Batan Angles for Market Share in Medical Isotopes

By webadmin on 03:55 pm Mar 31, 2012
Category Archive


State-owned Batan Teknologi is being told to boost production of a radioisotope used by hospitals by more than 20-fold in order to grab a piece of the world market, State Enterprises Minister Dahlan Iskan has said.

The company produces the molybdenum-99 fission radioisotope, called MO99. It is used in hospital equipment that is used to detect cancer.

“Batan Teknologi is being pushed to raise its production capacity to 900 Cori cycles [a unit of measurement] per week, from the current 40 Cori cycles,” Dahlan said. “Batan must be capable to grab a piece of the world’s isotope market.”

He said demand for M099 was high, including in China. “When I met with the Chinese trade minister, he expressed their intention to import more radioisotopes from Indonesia,” Dahlan said, referring to his recent visit to China with President Susilo Bambang Yudhoyono.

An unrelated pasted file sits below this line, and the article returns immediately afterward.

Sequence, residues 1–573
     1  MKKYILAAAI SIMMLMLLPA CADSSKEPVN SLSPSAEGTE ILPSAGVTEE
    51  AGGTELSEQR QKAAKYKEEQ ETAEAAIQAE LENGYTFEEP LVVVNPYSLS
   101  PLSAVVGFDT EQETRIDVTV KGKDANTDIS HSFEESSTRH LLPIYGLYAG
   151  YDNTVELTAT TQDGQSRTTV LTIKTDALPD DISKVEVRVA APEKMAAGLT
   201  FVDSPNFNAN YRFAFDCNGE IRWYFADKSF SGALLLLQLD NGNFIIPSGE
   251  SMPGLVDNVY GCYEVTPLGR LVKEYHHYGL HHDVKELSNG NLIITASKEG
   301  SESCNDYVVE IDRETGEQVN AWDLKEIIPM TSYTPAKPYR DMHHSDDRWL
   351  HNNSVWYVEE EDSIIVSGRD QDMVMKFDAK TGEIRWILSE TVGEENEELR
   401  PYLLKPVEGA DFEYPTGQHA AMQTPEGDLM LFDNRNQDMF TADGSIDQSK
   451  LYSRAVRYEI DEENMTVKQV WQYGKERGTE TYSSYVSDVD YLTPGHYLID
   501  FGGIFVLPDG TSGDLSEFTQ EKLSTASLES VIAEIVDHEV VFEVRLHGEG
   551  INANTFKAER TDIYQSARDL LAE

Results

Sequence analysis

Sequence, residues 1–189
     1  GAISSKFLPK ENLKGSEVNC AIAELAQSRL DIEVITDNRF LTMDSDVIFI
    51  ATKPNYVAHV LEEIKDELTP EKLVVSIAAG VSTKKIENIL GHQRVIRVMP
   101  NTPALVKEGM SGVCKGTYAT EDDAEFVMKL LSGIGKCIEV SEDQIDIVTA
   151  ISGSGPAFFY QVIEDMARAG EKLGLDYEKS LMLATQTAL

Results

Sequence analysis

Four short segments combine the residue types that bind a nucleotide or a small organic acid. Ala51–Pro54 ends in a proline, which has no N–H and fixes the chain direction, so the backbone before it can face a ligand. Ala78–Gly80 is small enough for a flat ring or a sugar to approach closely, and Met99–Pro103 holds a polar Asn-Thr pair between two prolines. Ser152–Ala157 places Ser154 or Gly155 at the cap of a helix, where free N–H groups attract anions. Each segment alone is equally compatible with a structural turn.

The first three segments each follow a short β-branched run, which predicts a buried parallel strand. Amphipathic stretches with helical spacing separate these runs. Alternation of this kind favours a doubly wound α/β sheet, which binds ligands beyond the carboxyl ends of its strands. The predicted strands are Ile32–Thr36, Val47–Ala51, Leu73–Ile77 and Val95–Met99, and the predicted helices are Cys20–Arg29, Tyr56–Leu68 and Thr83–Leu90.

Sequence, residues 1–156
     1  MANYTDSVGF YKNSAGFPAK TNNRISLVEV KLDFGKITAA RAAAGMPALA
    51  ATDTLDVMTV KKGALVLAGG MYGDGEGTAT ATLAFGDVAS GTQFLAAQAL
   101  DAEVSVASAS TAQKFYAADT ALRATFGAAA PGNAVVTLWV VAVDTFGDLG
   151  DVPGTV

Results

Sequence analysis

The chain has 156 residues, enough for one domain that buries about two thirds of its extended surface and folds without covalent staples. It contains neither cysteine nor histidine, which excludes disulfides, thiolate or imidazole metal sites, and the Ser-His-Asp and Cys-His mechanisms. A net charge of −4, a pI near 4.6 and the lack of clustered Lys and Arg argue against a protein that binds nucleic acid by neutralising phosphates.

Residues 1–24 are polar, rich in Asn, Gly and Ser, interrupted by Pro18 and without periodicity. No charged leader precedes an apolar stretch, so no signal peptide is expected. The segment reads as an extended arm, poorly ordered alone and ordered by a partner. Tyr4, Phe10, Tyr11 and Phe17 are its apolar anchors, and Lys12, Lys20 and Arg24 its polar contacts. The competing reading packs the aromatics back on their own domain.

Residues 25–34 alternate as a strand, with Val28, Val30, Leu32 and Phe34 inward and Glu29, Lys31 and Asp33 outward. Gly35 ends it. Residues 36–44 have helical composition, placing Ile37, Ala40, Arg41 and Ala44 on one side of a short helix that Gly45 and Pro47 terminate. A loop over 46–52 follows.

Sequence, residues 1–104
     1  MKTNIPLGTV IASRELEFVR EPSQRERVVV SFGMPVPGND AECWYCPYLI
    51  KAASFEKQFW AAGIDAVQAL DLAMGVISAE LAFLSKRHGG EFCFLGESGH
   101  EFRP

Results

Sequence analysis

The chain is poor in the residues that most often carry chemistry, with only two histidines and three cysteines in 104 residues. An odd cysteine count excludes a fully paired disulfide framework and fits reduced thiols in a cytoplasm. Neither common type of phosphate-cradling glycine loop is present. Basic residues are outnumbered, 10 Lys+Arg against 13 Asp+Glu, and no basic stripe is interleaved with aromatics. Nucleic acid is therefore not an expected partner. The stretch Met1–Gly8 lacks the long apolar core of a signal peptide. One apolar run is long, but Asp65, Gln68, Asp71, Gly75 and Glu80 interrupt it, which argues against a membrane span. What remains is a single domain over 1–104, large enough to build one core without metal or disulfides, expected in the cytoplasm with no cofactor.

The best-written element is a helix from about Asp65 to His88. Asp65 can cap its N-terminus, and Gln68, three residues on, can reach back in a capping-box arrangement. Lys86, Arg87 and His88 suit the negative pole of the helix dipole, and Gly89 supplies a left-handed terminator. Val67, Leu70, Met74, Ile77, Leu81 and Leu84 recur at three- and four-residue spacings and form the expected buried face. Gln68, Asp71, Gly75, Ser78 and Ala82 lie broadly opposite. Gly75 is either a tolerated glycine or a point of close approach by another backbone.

Dahlan said that when he returned from the trip, he immediately went to Batan to meet with executives and discuss the company’s production capacity.

He said that to increase its production, Batan would need about Rp 100 billion ($11 million) in investment, including to repair and expand its facilities.

Increasing Batan’s production and export of the radioisotopes could bring in annual revenues of about Rp 1 trillion to Rp 1.5 trillion. That would be a huge jump in the Rp 50 billion it now makes each year from exports.

Batan export a small amount of radioisotopes to Malaysia, the Philippines and Bangladesh.

“We need to raise the exports,” Dahlan said. “[China] itself has committed to order up to 300 Cori cycles per week. Japan is currently looking at imports of about 1,000 Cori per week.”

He said he hoped Batan could begin larger scale exports beginning on Aug. 1 and reach full export capacity of about 900 Cori cycles per week early in 2013.

Batan, he said, could also hire 25 people, increasing its staff to 115.

“Global radioisotope production capacity in the world has fallen recently because many of the nuclear reactors are already old and can no longer be used. Batan, with a relatively young reactor, has the opportunity to be the biggest player in the radioisotope market,” Dahlan said.

Investor Daily, with additional reporting from Antara